US, Germany step up pipeline warnings if Russia invades Ukraine

The United States and Germany on Jan. 27 warned Russia that a major gas pipeline was at stake if it invades Ukraine, as Washington voiced hope for a diplomatic way out despite frigid statements from Moscow.

A day after the United States and its allies formally responded to security demands issued by Russia, top officials in Moscow said their chief concerns were not addressed but notably did not rule out new talks.
The United States has warned Russia of swift and severe consequences if it invades Ukraine after Moscow amassed tens of thousands of troops on the border with its Western-leaning neighbor.

Following talk of divisions within Europe, German Foreign Minister Annalena Baerbock told parliament that her government was "working on a strong package of sanctions" alongside allies that would include Nord Stream 2.
The pipeline, which Germany has defiantly built despite criticism by the United States and Eastern Europeans, will more than double supplies of Russian natural gas to Europe's largest economy.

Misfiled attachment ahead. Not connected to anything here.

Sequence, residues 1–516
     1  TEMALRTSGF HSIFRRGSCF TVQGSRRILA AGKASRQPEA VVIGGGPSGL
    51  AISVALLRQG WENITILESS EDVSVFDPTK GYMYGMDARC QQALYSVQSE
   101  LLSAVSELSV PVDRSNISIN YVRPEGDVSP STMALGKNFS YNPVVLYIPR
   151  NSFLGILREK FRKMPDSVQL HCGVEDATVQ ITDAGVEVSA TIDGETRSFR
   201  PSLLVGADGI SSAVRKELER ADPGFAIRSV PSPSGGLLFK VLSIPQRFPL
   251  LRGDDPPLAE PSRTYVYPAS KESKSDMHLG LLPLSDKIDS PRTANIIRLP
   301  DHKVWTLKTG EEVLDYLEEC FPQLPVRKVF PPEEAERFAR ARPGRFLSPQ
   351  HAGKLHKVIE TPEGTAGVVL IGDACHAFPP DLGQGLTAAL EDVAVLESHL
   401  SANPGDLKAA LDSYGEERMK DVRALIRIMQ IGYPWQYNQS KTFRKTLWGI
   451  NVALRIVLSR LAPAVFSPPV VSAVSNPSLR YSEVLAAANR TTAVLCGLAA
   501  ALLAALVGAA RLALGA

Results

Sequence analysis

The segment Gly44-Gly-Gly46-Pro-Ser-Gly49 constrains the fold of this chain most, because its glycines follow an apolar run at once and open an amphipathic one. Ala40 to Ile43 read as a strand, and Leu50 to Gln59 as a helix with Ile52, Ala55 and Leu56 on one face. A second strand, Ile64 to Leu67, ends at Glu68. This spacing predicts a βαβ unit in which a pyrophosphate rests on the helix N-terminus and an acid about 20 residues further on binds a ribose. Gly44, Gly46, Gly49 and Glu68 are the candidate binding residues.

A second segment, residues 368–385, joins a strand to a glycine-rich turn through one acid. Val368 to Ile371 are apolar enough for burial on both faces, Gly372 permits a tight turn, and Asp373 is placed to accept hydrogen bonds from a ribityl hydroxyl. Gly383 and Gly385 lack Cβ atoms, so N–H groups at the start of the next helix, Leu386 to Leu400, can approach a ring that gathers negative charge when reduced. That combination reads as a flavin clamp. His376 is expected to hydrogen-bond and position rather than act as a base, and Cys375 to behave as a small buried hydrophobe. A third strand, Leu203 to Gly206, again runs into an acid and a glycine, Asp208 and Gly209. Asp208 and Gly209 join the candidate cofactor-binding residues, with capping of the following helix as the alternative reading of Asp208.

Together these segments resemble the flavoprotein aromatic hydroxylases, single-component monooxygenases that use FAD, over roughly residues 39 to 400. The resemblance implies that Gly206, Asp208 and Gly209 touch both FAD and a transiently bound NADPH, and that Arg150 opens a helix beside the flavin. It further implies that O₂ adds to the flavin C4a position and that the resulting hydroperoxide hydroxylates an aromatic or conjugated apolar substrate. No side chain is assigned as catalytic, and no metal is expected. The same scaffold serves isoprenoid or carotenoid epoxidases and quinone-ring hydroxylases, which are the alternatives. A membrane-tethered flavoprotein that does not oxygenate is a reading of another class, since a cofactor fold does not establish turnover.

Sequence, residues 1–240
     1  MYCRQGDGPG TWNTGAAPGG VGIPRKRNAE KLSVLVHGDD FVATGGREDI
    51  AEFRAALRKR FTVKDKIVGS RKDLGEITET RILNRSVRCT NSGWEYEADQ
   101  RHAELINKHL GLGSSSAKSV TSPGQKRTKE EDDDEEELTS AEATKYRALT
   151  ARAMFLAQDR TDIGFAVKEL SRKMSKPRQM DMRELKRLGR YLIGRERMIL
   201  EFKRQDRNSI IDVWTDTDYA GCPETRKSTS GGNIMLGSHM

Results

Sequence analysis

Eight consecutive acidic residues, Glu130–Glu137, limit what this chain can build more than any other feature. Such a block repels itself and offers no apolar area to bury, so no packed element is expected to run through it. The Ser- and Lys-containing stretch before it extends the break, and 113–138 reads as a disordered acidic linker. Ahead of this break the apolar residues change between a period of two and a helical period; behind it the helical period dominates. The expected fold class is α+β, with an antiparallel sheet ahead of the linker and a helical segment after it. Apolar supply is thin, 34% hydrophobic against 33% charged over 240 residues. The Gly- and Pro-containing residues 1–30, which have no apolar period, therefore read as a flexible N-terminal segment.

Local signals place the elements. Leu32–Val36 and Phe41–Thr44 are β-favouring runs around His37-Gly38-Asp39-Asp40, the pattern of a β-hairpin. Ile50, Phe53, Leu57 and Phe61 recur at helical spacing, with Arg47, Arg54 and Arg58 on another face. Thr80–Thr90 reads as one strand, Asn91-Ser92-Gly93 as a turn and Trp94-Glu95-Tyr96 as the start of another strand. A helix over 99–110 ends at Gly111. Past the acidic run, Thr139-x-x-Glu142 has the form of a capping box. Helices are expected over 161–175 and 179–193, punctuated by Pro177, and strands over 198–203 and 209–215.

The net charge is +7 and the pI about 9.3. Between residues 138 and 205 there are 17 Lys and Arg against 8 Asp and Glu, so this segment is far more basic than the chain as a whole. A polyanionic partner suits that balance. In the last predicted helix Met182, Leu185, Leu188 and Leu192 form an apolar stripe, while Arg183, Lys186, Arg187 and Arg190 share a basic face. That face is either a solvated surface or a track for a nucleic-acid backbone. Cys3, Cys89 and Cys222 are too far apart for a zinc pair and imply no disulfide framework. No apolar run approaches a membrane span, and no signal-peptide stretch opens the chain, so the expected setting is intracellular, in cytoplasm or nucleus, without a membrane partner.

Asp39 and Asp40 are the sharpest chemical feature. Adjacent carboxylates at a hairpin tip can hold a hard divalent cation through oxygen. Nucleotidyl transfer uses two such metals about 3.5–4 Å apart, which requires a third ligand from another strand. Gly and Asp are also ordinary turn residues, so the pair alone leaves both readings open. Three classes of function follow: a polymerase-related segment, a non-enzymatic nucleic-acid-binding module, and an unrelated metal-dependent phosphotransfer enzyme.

In Washington, a top official voiced confidence that an invasion would stop Germany from activating the multibillion-dollar project, which was completed in September but still requires testing and regulatory approval.
"If Russia invades Ukraine, one way or another, Nord Stream 2 will not move forward," said Victoria Nuland, the undersecretary of state for political affairs.

"I think the statements coming out of Berlin even today are very, very strong," she told reporters.
The White House announced that Germany's new chancellor, Olaf Scholz, will visit on February 7 and discuss the crisis with President Joe Biden.
Stepping up the diplomatic offensive, the United States called a public meeting Monday at the UN Security...

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